With the results of two important photojournalism awards soon to be announced — the Canon Media Awards, celebrating excellence in local press photography, and World Press Photo, an international search for the world’s best photojournalism — D-Photo presents a feature from sister publication The Photographer’s Mail, discussing the 2013 champions of both events.
Last year’s winning photo in the world’s most prestigious photojournalism competition caused a flurry of controversy in the media, after digital imaging experts accused the image of being a heavily-manipulated fake. Around the same time that quarrel broke out New Zealand was celebrating the pinnacle of local photojournalism achievements in the Canon Media Awards. The Photographer’s Mail speaks with some of the 2013 winners to discover where digital manipulation ranks among the challenges facing Kiwi photojournalism today.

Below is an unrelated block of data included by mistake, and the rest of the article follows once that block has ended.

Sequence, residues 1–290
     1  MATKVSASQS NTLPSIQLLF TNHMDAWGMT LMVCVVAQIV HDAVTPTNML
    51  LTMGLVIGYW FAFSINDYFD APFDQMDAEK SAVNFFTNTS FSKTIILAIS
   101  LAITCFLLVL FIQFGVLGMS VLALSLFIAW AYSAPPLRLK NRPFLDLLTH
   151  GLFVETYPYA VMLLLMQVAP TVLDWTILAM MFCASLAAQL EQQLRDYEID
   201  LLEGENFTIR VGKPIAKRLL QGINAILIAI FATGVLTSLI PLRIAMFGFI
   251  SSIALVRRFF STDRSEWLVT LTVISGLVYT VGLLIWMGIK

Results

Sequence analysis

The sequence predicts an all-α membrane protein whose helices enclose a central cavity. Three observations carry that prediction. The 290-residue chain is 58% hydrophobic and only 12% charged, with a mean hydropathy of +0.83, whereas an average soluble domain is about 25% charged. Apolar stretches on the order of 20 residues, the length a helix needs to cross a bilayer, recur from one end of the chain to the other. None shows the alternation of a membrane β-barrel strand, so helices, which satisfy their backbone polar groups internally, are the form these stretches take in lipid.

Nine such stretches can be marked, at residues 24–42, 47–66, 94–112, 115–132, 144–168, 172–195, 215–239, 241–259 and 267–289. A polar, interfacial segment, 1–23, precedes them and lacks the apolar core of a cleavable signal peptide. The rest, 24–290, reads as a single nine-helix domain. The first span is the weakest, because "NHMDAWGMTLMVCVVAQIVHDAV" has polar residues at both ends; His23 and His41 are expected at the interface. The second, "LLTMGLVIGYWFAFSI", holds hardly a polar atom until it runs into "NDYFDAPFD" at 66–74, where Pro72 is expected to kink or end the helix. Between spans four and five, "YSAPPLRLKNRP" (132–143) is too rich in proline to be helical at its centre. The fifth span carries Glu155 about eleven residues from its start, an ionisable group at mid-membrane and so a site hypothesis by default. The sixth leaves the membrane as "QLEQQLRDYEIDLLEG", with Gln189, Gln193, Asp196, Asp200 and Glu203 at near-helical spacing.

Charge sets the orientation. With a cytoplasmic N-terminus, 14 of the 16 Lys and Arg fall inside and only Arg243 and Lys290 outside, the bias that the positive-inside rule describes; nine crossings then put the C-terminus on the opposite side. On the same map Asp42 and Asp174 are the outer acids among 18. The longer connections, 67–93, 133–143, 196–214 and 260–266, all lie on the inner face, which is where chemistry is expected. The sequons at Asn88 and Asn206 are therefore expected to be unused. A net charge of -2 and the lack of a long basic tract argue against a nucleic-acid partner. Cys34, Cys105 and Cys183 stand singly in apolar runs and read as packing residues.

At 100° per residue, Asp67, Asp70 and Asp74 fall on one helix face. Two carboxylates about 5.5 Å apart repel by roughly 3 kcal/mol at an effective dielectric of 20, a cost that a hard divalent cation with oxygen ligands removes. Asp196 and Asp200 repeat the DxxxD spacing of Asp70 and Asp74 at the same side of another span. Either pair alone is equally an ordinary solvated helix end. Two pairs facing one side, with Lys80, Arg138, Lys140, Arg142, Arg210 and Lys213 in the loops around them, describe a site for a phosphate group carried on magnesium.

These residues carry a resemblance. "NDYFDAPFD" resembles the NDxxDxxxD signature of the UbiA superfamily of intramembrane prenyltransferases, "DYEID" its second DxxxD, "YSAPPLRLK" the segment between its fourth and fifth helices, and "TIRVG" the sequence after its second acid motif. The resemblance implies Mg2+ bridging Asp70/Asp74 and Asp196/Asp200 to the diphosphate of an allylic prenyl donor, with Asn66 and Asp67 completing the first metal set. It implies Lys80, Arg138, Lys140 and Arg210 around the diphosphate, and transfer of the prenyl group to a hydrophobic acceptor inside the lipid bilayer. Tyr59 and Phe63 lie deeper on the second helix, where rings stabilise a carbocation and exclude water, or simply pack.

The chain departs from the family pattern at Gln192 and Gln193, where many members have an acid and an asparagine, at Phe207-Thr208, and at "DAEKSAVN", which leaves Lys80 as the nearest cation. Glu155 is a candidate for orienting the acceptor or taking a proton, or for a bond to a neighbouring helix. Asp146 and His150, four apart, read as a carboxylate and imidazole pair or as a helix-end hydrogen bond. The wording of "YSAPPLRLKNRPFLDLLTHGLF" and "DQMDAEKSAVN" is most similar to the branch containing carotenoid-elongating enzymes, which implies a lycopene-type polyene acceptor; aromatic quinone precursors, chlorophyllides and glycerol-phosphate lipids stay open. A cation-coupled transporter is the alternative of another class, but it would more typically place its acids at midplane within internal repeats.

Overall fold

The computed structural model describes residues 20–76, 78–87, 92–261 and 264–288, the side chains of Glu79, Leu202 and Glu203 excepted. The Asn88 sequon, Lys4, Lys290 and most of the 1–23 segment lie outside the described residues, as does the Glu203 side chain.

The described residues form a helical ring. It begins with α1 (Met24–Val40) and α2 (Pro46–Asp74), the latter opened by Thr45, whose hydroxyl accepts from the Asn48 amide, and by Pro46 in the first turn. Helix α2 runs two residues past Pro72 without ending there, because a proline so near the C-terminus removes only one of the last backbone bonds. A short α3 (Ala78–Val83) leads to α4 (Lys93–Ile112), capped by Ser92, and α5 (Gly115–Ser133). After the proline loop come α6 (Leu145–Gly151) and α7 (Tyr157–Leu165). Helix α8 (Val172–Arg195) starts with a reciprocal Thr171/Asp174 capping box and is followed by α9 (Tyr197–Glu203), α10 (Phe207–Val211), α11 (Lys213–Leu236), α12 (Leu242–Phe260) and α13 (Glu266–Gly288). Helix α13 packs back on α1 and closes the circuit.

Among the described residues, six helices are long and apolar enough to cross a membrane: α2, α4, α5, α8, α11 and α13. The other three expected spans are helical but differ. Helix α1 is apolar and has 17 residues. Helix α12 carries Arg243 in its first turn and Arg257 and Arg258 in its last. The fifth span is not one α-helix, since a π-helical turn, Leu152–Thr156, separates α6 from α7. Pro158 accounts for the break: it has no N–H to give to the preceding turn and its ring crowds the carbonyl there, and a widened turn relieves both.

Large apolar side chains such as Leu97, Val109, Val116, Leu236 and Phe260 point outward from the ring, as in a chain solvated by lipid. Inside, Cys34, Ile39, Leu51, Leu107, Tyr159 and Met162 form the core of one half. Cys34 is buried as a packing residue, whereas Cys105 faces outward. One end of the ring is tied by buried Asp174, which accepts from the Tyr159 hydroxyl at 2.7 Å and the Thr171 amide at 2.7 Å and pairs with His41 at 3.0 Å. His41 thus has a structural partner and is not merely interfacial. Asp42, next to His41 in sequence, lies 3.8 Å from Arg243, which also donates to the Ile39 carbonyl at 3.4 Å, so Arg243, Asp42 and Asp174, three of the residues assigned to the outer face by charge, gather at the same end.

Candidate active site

Swedish photographer Paul Hansen’s image of a burial procession in Gaza city picked up the Photo of the Year nod at the 2013 World Press Photo competition, a decision that has seen the organisers come under fire due to the image’s significant digital treatment. Many are now questioning the degree to which a news photo can legitimately be manipulated after the taking, before losing claim to authenticity.